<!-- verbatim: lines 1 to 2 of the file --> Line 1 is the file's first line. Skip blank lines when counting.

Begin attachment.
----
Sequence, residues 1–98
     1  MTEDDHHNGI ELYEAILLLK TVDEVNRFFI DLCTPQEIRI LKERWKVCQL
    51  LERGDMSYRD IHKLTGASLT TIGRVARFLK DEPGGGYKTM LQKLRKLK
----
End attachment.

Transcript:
Sequence, residues 1–98
     1  MTEDDHHNGI ELYEAILLLK TVDEVNRFFI DLCTPQEIRI LKERWKVCQL